How Important Is The Repetition In Our Lives?

There’s a monotonous nature to much of our lives: We get up; we go to work (which often requires a set of reoccurring procedures); we return home to carry out a patterned set of tasks and pastimes; we go to sleep; repeat. Ask someone, “What have you been up to?” and the answer given back is often something along the lines of “Same old, same old.”

Are the regular, patterned parts of our life where our essence is? Or are unique moments what give life meaning?

Dear reader:  How important is the repetition in our lives?

Related Questions:  What makes you you?  What is important? How can we turn ideas into actions?

7 thoughts on “How Important Is The Repetition In Our Lives?”

  1. We are creatures of habit. Think about how happy you are to walk into your home after a vacation, no matter how much fun you had. Or, how many times have you heard someone say “I hate change”? We carve out comfortable little niches for ourselves because it makes our lives feel safe and secure. Repetition is also vital if we want to be successful in our endeavours. If we only did something once or twice, we’d never achieve anything. Even during times of upheaval, experts recommend sticking to as normal a routine as possible so we can cope more easily with our situation.

    1. Cecily: I love your comment. To be an expert at anything requires repetition. As they say, “Practice makes perfect.” I also think how you ended your comment is important advice to people going through difficult times. We need often some semblance normalcy “so we can cope … with our situation.” Michael

  2. Practice makes perfect.

    To become a writer, you must write … a lot! To call yourself a marathoner, you must log the miles of preparation that will get you to both the start and finish line of a 26.2 mile race. And to call yourself a musician, you must practice your instrument.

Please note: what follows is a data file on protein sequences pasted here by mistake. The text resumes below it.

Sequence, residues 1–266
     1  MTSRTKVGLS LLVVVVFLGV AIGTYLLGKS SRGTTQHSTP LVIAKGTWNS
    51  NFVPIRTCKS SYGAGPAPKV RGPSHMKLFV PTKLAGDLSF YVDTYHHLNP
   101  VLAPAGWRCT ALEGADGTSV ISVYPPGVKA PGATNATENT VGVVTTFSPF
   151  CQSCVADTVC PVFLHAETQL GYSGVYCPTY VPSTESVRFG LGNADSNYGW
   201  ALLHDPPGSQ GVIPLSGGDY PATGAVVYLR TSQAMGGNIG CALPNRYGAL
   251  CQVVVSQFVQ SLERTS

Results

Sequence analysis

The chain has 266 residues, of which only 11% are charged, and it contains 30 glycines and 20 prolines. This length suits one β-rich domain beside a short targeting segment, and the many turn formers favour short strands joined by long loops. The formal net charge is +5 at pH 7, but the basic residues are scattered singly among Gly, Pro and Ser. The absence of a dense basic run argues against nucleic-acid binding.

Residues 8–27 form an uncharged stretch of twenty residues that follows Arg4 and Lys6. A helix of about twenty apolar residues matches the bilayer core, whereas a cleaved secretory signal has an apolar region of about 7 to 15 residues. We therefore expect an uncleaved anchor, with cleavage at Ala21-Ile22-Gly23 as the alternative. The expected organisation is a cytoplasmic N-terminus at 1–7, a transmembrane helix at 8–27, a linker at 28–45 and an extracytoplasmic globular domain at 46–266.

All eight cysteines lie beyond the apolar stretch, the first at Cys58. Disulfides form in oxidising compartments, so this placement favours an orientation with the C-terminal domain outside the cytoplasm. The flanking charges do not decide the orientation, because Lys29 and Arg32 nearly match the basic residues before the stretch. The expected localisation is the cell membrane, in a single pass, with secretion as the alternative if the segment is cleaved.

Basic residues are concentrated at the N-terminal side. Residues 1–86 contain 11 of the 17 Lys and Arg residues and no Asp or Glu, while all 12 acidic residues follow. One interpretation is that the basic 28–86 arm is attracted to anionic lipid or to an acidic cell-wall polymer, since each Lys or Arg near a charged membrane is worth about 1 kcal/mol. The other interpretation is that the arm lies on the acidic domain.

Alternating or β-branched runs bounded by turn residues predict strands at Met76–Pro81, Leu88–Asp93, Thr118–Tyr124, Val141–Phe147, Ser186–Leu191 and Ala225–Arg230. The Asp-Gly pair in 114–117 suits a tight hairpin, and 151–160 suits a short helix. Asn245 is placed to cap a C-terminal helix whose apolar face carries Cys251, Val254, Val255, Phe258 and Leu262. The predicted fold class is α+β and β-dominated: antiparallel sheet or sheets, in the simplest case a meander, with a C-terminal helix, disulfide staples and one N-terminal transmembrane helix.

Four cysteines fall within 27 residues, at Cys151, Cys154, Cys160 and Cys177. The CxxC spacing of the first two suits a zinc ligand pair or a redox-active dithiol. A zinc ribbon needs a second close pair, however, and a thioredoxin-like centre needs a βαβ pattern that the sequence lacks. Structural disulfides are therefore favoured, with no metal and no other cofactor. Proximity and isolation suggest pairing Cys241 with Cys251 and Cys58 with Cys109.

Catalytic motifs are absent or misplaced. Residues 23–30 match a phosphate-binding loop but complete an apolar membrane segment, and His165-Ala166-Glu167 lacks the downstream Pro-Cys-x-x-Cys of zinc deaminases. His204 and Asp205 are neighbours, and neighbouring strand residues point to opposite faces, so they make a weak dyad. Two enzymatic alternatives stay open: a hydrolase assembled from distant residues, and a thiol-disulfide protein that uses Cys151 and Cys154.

Yogis must practice yoga. Activists must take action. And politicians must practice statecraft and / or politics depending on the reputation they want to cultivate.

    Practice — long, disciplined, monotonous practice — makes perfect. It almost always defines who we are.

    What am I working to perfect?

    — I want to become a better gardener. I’ve considered myself one for the past 22 years. Thankfully, I still have much to learn.
    — I want to earn the title of photographer. Right now, I barely consider myself an amateur.
    — I am an advocate for economic justice. It is my vocation, which I have practiced for over 25 years and have done a pretty good job on most of the campaigns I’ve participated in.
    – Someday I want to re-earn the badge of yogi. I still practice a number of poses, but I can’t honestly call myself a practitioner these days.

  3. I’m perpetually working on my golf game, hoping to improve it. A friend (he knows a lot about how the brain works) told me I can make more 3-foot putts if I hit 50,000 between now and next spring. I believe it. 50 putts a day from now until May 1st.

  4. I think that we are more cognizant of joy that comes from non-routine moments because they stick out by their very nature. I find that you often realize the joy and the meaning that a routine gives you only when it’s taken away. Losing a routine can help you discern how it gave your life meaning. Recently, we lost our dog. Dogs represent routine, but also spontaneous moments of joy, but their need for routine is what gives our life meaning. When we come home, which we doevery day, we remember the simple task of going upstairs to let him out of his room and being greeted so joyously. This joy gave our lives meaning.

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